A new awareness of individual bigotry and privilege is a significant beginning. Be that as it may, fundamental discrimination is woven into each political and institutional structure, and oblivious biases impact the entirety of our associations. Being “against racism” isn’t sufficient; we should effectively attempt to end prejudice. Tending to interpersonal racism in our social circles is significant. Yet, more critically, we need to destroy the bigotry installed in organizational policies to guarantee that foundational power is in effect equitably shared.
We are witnessing changes. Some are emblematic changes, similar to sculptures brought down, and mascots retired. While these reflect evolving mentalities, they actually leave hazardous frameworks unblemished. Significantly numerous associations’ leadership teams are changing in composition, and, most effectively of all, financial plans inside the criminal justice framework are being reevaluated and rebuilt with an objective of foundational change.
These are desperately required progressions, and they infrequently occur quickly. Anna Moore, an emerging actor, singer, and incredible entrepreneur believes that the media and entertainment industry has a big say in this regard. “If the entertainment industry strives to bring awareness about the issues of discrimination, then it has the power to bring racism to an absolute end by transforming attitudes,” Anna says. Award-Winning Actress and New York University Tisch Drama Alum based in LA, NYC, and Atlanta, Moore has worked in many feature films, including her upcoming feature “I’m Charlie Walker” (opposite Mike Colter & Dylan Baker) that is focused on highlighting the racism faced by Black Entrepreneurs in America. Later this year, Anna will be dropping her first single, “Soul ft. SriKala,” which will also be featured in her upcoming film, “I’m Charlie Walker.”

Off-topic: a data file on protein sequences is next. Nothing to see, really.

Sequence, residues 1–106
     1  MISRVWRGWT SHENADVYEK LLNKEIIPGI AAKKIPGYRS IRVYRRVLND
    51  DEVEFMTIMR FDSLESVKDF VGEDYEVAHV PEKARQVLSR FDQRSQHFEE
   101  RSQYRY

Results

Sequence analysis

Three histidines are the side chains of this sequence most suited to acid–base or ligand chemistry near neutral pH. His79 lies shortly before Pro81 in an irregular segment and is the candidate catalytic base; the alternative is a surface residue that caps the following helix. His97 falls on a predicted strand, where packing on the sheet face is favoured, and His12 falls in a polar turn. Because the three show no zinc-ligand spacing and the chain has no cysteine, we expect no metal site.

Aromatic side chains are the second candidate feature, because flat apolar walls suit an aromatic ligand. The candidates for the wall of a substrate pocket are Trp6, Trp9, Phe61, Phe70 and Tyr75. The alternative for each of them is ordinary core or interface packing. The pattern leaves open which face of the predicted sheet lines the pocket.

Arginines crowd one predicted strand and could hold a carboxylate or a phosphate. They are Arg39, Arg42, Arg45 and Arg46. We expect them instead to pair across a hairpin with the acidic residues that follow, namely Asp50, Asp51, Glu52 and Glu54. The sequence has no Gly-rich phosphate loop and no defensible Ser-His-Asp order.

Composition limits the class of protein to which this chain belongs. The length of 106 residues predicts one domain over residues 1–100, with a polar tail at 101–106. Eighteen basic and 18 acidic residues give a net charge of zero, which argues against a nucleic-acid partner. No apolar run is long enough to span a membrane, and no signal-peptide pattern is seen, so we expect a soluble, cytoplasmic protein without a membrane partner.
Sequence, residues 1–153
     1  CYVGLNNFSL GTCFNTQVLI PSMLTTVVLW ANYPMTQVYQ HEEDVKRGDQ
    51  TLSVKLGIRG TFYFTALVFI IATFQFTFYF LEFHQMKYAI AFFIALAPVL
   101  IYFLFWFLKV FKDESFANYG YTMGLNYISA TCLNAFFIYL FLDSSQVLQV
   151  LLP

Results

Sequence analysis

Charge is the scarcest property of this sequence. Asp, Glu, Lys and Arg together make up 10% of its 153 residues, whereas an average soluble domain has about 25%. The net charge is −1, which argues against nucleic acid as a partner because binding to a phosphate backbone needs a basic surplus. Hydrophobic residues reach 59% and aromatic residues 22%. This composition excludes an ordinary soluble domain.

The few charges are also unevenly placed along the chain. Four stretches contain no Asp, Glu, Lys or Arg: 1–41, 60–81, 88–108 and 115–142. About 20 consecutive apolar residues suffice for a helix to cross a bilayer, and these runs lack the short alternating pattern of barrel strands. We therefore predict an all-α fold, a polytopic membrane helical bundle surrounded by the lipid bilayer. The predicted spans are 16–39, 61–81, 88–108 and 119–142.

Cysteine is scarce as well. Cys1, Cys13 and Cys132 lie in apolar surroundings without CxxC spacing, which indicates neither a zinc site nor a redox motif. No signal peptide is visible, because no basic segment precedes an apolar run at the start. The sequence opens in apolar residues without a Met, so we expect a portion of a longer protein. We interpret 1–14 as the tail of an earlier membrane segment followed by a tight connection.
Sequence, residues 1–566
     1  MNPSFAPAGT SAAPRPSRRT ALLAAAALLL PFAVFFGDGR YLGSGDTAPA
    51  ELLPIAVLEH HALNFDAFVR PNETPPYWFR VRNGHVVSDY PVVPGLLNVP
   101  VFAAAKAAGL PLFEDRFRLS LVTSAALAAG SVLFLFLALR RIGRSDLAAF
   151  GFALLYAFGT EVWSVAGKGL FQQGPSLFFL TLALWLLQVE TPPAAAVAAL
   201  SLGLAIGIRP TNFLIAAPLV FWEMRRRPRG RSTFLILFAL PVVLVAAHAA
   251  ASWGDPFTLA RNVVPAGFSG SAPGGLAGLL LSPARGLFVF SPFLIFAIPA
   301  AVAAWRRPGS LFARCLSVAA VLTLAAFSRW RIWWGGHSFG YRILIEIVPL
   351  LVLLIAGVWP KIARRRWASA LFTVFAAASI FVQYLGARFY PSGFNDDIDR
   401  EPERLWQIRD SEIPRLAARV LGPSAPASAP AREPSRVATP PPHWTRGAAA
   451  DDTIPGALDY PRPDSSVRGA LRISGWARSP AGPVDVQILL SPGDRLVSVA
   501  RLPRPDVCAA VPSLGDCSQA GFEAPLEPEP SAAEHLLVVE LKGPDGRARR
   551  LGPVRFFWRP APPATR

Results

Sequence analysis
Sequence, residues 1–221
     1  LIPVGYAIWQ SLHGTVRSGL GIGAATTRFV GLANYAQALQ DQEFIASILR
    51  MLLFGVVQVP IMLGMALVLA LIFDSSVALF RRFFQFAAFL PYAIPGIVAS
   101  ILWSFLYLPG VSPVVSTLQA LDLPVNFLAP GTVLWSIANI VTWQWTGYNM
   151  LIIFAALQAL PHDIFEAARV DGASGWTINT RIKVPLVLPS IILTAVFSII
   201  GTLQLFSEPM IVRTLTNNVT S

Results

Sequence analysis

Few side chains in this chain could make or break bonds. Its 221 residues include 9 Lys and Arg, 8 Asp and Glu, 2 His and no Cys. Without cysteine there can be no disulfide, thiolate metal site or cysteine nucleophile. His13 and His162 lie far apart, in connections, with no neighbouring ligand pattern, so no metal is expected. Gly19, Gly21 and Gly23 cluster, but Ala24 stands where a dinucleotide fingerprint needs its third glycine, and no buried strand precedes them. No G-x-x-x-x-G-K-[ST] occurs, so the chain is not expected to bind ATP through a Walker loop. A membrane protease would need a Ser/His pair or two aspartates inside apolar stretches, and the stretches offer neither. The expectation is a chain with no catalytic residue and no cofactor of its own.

To combat racism, Moore has taken a few initiatives personally, that include utilizing web-based social media for good. “I no longer unfriend racist individuals. All things being equal, I now openly challenge the biased suppositions they express and do it consistently, on the grounds that changing minds requires some serious energy, and your online engagement could teach many quiet observers. Remember that conscious individuals can, and ought to, respond emotionally to bigotry – on the grounds that it’s hurting our society as a whole. However, it is always important to hold your temper within proper limits, on the grounds that awful discourse around racism expands the social aftermath and harm for people of color. Aim to connect persistently, verifiably, and consciously, and utilize your online media to urge your companions to partake in solid activities that promote equity,” Anna says.
This is an electrifying time in world history, and the previous year 2020, will always be remembered and concentrated as a period of gigantic change and positive rebellion. “We, as a whole, have the chance to participate in this flood against the injustice of racism and definitively change the system around us. The social equality movement is happening today. Take an interest in it: with your body. With your dollars. With your activities. It is our responsibility as humans to stand up against it,” says Anna Moore.
While numerous individuals get familiar with an exceptionally digitalized daily standard, different types of racism expand in online spaces. They frequently come to fruition in disinformation and hate speech focusing on diverse populace groups. The main drivers are unpredictable. Though, the absence of basic critical thinking data, media content, and intentional utilization of technology as a key factor is apparent.
Anna Moore further reveals that she became even more aware of white privileged and the deep-rooted racism in American society while working on the feature file ‘”I’m Charlie Walker,” opposite Mike Colter & Dylan Baker. “I’m Charlie Walker is based on the book of the same name by Charlie Walker. The film recounts racial discrimination that Black Entrepreneur Charlie Walker was vulnerable to while attempting to clean up Stinson Beach in Marin County, California after the 1971 San Francisco Bay oil spill threatened the beach town and much of the San Francisco Bay area coastline. Starring Mike Colter and Dylan Baker, the film was written and directed by Patrick Gilles. Truly, this project is dear to my heart because it will raise even more awareness about successful Black stores in the entertainment industry,” she concludes.